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Show by example that not every ideal of a subring $S$ of a ring $R$ need be of the form $I\cap S$ for some ideal $I$ of $R$

If $I$ is an ideal of $R$ and $S$ is a subring of $R$, then it can be easily shown that $I\cap S$ is an ideal of $S$. However, what is an example when this is not necessary.

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2 Answers 2

up vote 6 down vote accepted

Consider $R=\mathbb Q$ and $S=\mathbb Z$ and let $I$ be any non-trivial ideal on $\mathbb Z$.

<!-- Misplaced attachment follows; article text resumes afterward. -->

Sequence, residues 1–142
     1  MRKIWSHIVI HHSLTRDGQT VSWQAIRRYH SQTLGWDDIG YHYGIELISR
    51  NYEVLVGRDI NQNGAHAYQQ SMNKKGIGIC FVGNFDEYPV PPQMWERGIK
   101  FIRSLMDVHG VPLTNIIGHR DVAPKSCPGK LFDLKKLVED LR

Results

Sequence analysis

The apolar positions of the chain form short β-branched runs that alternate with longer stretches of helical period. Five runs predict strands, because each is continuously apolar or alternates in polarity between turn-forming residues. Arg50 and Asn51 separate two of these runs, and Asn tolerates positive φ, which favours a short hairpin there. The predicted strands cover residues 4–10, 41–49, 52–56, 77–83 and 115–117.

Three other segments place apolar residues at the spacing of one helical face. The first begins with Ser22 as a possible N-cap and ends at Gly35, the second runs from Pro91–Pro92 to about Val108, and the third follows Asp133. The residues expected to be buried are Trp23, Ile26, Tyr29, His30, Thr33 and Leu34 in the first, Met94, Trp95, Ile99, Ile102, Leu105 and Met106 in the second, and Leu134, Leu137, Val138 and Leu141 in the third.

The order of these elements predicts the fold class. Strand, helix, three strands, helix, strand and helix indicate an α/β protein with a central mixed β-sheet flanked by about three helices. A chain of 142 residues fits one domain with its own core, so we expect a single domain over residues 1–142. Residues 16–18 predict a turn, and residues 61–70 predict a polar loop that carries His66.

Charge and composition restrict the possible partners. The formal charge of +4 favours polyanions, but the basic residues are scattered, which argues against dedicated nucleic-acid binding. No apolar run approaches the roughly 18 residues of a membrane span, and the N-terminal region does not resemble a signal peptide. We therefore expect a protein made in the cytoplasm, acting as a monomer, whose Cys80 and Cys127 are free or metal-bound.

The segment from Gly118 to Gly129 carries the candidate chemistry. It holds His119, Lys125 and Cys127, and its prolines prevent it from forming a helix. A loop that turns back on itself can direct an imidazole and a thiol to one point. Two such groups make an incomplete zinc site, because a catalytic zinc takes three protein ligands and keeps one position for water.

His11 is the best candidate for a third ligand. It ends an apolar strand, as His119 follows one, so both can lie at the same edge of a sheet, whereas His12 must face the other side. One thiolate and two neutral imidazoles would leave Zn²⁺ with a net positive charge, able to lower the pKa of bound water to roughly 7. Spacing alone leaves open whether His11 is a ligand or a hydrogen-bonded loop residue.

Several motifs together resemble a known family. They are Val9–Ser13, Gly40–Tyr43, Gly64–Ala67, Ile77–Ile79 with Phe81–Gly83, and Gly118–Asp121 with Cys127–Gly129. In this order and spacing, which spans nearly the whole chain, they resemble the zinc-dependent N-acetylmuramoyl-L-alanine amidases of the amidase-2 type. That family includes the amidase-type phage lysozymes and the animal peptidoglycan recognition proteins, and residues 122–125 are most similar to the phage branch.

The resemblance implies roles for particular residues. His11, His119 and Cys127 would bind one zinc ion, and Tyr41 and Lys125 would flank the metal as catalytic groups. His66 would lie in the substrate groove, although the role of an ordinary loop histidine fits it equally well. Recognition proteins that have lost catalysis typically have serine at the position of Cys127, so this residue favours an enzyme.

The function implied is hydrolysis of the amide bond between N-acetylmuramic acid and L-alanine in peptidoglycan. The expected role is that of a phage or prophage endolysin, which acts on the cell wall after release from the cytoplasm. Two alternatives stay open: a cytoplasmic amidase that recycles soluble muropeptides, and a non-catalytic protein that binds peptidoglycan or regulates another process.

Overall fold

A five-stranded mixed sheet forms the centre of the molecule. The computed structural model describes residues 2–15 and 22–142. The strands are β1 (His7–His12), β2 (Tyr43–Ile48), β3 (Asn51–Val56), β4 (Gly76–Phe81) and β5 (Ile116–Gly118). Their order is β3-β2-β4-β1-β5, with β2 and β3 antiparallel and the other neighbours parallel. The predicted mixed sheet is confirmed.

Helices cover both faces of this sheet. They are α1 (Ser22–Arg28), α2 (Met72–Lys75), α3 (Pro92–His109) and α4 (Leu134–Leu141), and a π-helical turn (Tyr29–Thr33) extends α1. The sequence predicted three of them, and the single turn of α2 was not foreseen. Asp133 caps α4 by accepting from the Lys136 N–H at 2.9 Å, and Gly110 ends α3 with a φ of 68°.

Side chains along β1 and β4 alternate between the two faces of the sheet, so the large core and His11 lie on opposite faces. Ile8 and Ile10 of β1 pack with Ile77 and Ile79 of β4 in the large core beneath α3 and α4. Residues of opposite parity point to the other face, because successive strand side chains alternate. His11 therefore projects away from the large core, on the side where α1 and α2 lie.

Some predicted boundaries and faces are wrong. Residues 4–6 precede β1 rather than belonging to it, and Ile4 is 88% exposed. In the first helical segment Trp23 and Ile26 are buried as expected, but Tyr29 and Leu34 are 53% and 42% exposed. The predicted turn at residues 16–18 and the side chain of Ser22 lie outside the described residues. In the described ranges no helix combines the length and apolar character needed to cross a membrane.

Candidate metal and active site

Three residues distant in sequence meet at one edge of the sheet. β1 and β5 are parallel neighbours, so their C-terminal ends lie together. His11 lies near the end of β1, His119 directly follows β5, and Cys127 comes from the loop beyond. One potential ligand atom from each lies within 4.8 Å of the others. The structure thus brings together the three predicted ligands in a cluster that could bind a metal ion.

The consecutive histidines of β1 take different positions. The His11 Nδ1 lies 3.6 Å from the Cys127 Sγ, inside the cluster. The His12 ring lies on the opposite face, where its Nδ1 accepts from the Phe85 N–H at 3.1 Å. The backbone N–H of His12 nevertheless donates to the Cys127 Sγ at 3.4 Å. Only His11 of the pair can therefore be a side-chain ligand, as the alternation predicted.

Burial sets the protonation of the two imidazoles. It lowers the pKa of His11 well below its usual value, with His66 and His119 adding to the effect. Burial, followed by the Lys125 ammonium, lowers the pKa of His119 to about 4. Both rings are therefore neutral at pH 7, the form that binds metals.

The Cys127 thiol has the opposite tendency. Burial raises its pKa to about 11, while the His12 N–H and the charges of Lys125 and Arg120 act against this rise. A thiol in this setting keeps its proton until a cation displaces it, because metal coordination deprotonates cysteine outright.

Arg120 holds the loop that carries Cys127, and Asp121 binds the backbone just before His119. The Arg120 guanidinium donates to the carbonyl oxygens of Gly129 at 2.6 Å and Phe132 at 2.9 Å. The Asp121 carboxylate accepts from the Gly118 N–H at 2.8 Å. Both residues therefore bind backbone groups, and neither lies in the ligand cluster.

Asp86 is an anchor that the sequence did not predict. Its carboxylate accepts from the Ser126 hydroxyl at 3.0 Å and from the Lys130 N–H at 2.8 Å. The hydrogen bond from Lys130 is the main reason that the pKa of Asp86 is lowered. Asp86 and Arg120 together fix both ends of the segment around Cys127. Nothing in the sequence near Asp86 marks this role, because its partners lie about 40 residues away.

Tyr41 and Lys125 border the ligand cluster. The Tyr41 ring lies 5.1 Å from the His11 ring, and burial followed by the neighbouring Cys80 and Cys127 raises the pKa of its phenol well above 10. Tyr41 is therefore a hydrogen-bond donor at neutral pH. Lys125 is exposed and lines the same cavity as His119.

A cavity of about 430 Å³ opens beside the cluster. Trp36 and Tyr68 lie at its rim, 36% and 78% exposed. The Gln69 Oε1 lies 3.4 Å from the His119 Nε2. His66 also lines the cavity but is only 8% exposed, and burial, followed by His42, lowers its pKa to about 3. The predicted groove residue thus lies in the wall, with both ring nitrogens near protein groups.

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Let $K$ be a field and let $R\subseteq K$ be any subring which is not a field.

This works because there are exactly two ideals in $R$ which are intersections of ideals in $K$ with $R$, yet there are at least three ideals in $R$ because it is not a field.

(Notice that not every field contains rings which are not fields, so $K$ should be picked with a modicum of care here! For example, we may start with any domain $R$ which is not a field and take $K$ to be the fraction field of $R$.)

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